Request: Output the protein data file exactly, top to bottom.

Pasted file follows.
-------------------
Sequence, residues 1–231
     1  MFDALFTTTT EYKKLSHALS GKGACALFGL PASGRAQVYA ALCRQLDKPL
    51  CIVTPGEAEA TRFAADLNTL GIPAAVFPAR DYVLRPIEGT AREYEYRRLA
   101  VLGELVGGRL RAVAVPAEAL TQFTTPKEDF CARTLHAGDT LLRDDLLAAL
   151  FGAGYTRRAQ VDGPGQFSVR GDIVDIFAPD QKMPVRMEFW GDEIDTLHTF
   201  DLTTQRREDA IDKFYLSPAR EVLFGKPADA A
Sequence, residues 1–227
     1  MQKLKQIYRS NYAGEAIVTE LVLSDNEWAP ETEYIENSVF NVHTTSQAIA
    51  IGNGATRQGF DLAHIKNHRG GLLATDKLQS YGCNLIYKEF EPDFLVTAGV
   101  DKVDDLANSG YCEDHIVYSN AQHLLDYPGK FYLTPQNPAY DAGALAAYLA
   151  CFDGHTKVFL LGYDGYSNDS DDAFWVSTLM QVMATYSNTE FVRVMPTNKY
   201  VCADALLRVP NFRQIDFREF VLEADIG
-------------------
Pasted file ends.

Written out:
Sequence, residues 1–231
     1  MFDALFTTTT EYKKLSHALS GKGACALFGL PASGRAQVYA ALCRQLDKPL
    51  CIVTPGEAEA TRFAADLNTL GIPAAVFPAR DYVLRPIEGT AREYEYRRLA
   101  VLGELVGGRL RAVAVPAEAL TQFTTPKEDF CARTLHAGDT LLRDDLLAAL
   151  FGAGYTRRAQ VDGPGQFSVR GDIVDIFAPD QKMPVRMEFW GDEIDTLHTF
   201  DLTTQRREDA IDKFYLSPAR EVLFGKPADA A
Sequence, residues 1–227
     1  MQKLKQIYRS NYAGEAIVTE LVLSDNEWAP ETEYIENSVF NVHTTSQAIA
    51  IGNGATRQGF DLAHIKNHRG GLLATDKLQS YGCNLIYKEF EPDFLVTAGV
   101  DKVDDLANSG YCEDHIVYSN AQHLLDYPGK FYLTPQNPAY DAGALAAYLA
   151  CFDGHTKVFL LGYDGYSNDS DDAFWVSTLM QVMATYSNTE FVRVMPTNKY
   201  VCADALLRVP NFRQIDFREF VLEADIG